The most visible difference between these two rapidly evolving consumer and technology markets is infrastructure. Beijing and Shanghai are a marvel of upgraded highways, subways lines and architectural achievements such as the new airports, mag-lev trains and up-to-date software parks. India's faulty infrastructure is improving, though hardly on the scale of China. In Bangalore, Delhi and Mumbai and other major cities, metros, bridges and multi-lane highways are being constructed, if slowly. Power supply is still sketchy.
Modern commercial zones are popping up, ranging from Whitefield on the outskirts of Bangalore to Gurgaon in Delhi and lots of recently erected skyscrapers in Mumbai's Lower Parel district--easier to get to now thanks to the Sea Link bridge.
Signs of India's growing middle-class population and consumerism are appearing as well. Café Coffee Day's founder VG Siddhartha has made his chain nearly as prominent as Starbucks in the U.S. Another positive indicator is an ample supply of five-star hotels from India such as Oberoi, Taj and Leela that are bustling with business--that in spite of the recent terrorist attacks in Mumbai and the extra security that is still very much in place.
It's easy to be seduced by China and its fast forward economic and technologic achievements. But even after years of reporting extensively on China, I find India to be refreshing. I left India encouraged by the groundswell of innovation and entrepreneurship and the spark of creativity that democracy encourages. The open access to the Internet in India helps too.
(from my Silicon Dragon column in Forbes)

Tuesday, March 9, 2010

Silicon Dragon: WI Harper seals third LED deal in Taiwan#links

Silicon Dragon: WI Harper seals third LED deal in Taiwan#links

WI Harper seals third LED deal in Taiwan

Energy efficient light-emitting diodes or LEDs for short are the new venture investment hotspot, judging from the swarm of businesses that are getting funded.
WI Harper just inked a deal with a Taiwanese firm that tests LED chips, Testar Electronics Corporation. It's the venture investor's third company in LEDs in Taiwan: SemiLEDs Corp. and NeoPac Lighting Group are the two other promising firms. I've met with the founders of both of these in Taipei. Trung Doan (in photo with Silicon Dragon author Rebecca Fannin), the founder of SemiLEDs, has several patents for producing LEDs at lower cost but still with reliability and quality. Jeffrey Chen, the founder of NeoPac, has patents for bright light with less power. See earlier blog post for more info, June 22, 2009.
As LEDs go mainstream, expect to start seeing them used in households. For example, Sonny Wu of GSR Ventures in Beijing just showed me an LED light bulb that one of his firm's five portfolio companies in this space is launching soon.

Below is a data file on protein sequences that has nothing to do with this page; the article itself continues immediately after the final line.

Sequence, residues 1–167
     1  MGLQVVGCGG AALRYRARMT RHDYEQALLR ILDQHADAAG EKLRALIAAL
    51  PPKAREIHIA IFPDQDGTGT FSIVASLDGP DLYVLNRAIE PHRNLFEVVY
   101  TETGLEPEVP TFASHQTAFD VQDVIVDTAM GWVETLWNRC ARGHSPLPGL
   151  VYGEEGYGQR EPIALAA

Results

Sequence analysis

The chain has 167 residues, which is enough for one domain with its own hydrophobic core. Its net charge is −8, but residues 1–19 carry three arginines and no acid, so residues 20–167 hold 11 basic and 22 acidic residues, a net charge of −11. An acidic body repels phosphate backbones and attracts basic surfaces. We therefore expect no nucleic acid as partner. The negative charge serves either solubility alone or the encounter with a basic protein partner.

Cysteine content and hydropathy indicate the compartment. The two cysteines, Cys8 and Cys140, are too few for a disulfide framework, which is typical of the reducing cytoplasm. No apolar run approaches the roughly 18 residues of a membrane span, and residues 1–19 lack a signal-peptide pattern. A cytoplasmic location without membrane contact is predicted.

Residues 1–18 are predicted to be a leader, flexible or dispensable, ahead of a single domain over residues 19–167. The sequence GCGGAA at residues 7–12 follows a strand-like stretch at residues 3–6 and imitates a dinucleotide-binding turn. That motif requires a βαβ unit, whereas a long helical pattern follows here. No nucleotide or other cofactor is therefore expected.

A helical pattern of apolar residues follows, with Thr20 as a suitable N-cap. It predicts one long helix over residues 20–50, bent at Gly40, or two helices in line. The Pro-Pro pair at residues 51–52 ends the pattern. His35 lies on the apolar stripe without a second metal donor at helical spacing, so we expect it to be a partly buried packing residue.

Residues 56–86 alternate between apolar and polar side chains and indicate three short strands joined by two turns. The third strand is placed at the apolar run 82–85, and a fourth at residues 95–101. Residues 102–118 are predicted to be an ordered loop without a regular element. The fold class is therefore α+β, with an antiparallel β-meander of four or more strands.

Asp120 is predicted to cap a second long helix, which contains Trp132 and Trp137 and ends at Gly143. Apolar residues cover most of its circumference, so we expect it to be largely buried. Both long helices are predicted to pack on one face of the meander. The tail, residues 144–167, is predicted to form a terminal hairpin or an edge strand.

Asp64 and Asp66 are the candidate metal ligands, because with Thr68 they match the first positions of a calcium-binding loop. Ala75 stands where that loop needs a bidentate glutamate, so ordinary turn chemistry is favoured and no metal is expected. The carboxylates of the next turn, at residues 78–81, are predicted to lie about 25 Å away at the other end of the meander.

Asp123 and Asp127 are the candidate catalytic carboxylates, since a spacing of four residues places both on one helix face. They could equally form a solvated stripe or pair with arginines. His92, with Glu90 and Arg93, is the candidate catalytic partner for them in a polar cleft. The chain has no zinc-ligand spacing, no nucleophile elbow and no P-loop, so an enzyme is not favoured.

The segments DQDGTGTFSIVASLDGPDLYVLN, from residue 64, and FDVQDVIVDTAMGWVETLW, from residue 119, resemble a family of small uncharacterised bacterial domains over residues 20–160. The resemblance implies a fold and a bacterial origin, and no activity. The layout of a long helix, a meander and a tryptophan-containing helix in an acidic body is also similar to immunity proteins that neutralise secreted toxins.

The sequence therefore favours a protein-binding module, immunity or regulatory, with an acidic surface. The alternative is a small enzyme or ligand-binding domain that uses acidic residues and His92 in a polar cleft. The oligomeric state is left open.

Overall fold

Currently, LEDs are most often used for street lights, and the backlights of personal computers and TVs. Projections by industry analyst iSuppli are that LED shipments will nearly triple from 63 billion this year to 166 billion by 2013.
The "sweet spot" for Testar, which was founded in 2007, is an outsourcing service to test LED chips.
WI Harper has recently closed a new investment fund, and has been inking several new deals in Greater China to fit its early stage tech focus, including a new wind blade manufacturer in the Mainland: Jiangsu Chuangzhou CTC Technical Fabrics, Co. The firm also made news recently by linking up with Kai-Fu Lee's Innvoation Works as a backer of the incubation lab founded by the former president of Google China.
In Hong Kong, I recently interviewed David Lam, managing director of WI Harper, to hear his views on the firm's investment strategy in cleantech. Lam, in case you didn't know, is now the president of Silicon Valley's Asia America Multi-Technology Association.
See Silicon Dragon Video.

Tuesday, March 2, 2010

Silicon Dragon: Sequoia, NLVC lead $22M deal in China energy storage company

Silicon Dragon: Sequoia, NLVC lead $22M deal in China energy storage company

Sequoia, NLVC lead $22M deal in China energy storage company

Energy storage is a hot investment area in China. The latest deal in this sector is a $22 million Series C deal in Prudent Energy Inc., a manufacturer and developer of technology that can improve the efficiency of delivering energy on demand to telecom and power utilities.
Northern Light Venture Capital and Sequoia Capital China led the investment, which was over-subscribed. Returning as backers were DT Capital and Draper Fisher Jurveston, which has been making numerous deals in the cleantech area in both China and India.

CEO Johnson Chiang said Prudent will use the new capital to expand its battery manufacturing operations in Beijing, where it relocated last year.